What! More dangerous wildlife in my workshop? (see the previous post about the tiger snake).
No. Not this time. Thank goodness. No more highly venomous snakes wriggling between the lathe and the milling machine. Mind you, we have red back spiders and white tail spiders in abundance here. (both very nasty, to explain to the non Australian readers).
But in this case, a lathe spider is a tool. Used to repair worn lathe chuck jaws.
I wondered why my beautiful Colchester lathe would not part off thin brass rod. Should have been a doddle. Closer examination revealed that the jaws in the Colchester 3 jaw chuck, were “bell mouthed”. That is, worn in their outer extremities. That is where lathe chuck jaws wear initially.
Solutions? Buy new jaws…. none available,. anywhere that I could find. Buy a new chuck…. a new quality chuck of this size (200mm diameter) costs between $500 and $2000. A second hand chuck might have the same problem.
Another solution, which I have used successfully previously, is to regrind the jaws with a tool post grinder. I have a tool post grinder, not used with this lathe, but should be suitable.
So, I spent a half day fitting the tool post grinder to the Colchester lathe. No big deal, but it needed 2 complex bush-washers and a new tool post bolt. It also needed the internal grinding spindle to be fitted to the grinder, a first for this grinder.
I had made a lathe spider a few years ago, for a different lathe and chuck, and it fitted the Colchester!
The 200mm Colchester lathe chuck, and the spider, made years ago, which fitted!
I spent another few hours fitting the spider, grinding the jaws, and the measuring the run out of the chuck. The spider permits the jaws to be tightened inwards, against pressure, then the jaws can be reground using the tool post grinder.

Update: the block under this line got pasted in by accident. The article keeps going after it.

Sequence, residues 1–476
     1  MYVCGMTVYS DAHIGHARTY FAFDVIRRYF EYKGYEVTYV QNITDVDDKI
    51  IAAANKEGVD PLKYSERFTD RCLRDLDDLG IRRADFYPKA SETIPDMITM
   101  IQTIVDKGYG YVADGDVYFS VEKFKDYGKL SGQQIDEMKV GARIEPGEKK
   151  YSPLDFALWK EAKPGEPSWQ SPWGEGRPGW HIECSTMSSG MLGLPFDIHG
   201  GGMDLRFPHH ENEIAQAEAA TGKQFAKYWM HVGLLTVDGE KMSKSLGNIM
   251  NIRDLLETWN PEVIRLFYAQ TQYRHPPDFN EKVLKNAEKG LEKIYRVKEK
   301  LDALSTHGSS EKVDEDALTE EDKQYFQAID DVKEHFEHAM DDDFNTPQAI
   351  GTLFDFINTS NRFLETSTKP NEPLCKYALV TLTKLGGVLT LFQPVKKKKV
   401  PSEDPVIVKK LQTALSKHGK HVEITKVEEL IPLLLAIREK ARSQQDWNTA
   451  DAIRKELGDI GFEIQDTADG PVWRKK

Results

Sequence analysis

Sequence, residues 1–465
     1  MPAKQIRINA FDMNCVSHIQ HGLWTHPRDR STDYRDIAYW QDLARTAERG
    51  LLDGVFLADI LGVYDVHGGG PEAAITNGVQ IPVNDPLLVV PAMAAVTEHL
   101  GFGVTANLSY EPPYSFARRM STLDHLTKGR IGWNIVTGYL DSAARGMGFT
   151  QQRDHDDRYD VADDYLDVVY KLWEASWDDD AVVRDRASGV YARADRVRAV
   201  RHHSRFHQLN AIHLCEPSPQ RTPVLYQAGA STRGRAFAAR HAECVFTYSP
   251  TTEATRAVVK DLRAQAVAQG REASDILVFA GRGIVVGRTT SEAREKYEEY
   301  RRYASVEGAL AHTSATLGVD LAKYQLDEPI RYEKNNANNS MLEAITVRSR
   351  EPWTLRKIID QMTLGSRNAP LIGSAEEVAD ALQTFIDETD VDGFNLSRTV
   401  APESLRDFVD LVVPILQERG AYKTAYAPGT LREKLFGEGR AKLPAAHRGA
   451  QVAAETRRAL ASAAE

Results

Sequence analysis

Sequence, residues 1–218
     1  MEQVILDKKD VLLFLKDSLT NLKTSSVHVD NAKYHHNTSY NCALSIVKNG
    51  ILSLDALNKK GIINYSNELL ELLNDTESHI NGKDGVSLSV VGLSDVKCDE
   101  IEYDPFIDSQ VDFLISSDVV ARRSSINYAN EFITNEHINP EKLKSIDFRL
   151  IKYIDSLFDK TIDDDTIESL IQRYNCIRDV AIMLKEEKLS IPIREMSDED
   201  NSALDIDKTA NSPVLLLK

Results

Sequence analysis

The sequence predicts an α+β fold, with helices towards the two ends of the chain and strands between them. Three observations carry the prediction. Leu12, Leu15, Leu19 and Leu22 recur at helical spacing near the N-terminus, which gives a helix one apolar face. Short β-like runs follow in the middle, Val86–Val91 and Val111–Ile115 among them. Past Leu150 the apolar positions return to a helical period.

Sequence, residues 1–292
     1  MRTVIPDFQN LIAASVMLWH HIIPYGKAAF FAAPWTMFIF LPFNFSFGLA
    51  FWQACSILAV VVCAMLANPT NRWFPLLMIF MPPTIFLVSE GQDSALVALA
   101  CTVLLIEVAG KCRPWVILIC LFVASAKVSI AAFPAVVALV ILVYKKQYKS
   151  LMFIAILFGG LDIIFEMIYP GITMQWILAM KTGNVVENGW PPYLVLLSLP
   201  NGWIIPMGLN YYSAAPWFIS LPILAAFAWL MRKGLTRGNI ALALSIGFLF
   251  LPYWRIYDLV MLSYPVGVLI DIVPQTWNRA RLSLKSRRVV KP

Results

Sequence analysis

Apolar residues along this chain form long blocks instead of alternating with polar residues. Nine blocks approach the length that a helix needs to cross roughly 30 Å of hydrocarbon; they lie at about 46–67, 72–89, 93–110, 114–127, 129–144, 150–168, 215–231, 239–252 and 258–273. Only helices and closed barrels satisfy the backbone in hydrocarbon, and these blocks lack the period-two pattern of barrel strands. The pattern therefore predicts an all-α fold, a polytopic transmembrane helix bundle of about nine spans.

Using the tool post grinder to resurface the jaws.
A very frustrating few hours!!!
Despite multiple runs, grinds and measurements, I could not get the runout to acceptable levels. The best was 0.1mm which is totally not acceptable.
I wondered whether the spider was just not accurate enough.
I also noted that the runout was better (0.05mm) if the jaws were not tightened heavily in the measuring phase. I wondered if the chuck scroll was badly worn, which would mean a new chuck!
So, I searched the net. And found a picture of another style of lathe spider, and I determined to give it a try.
Today, I used the CNC mill to make the new spider. Actually, 3 parts which are fitted individually to the chuck, to give the same effect.
CNC Milling the lathe chuck spider components.
The new version lathe spider bits, clamped to the lathe chuck. This spider is made from 6mm thick aluminium. This photo was taken after the jaws were reground, as you can see.
I ran the grinder in and out a few times, re-measured the runout. Zero, zilch, nada, niente. No movement of the dial indicator. So the indicator must not be touching the test piece, or pushed in so hard that it cannot move.
So I checked the positioning of the indicator, and ran the test again.
Again, NO MOVEMENT AT ALL!
So the runout, at least at this diameter, is zero!
So I tried a smaller test piece. Same result.
So I tried really tightening the jaws hard. Again no movement.
I must point out that when I tighten the jaws for measuring, I always tighten the jaw which is nominated by Colchester. I tried tightening the other two jaws, and found 0.1mm runout. So, the nominated jaw tightening really works. It is not bull shit!
And this lathe chuck spider method really works! It just needs to be made really accurately! (did I say before that I really love CNC).
Next step. Totally disassemble the chuck, and carefully and fastidiously clean every component, then reassemble it with new grease. To rid it of every trace of grinding wheel dust, which could destroy it in no time at all.
I was delighted to see that the internals of the chuck looked perfect! No signs of wear at all. Very happy.
The disassembled lathe chuck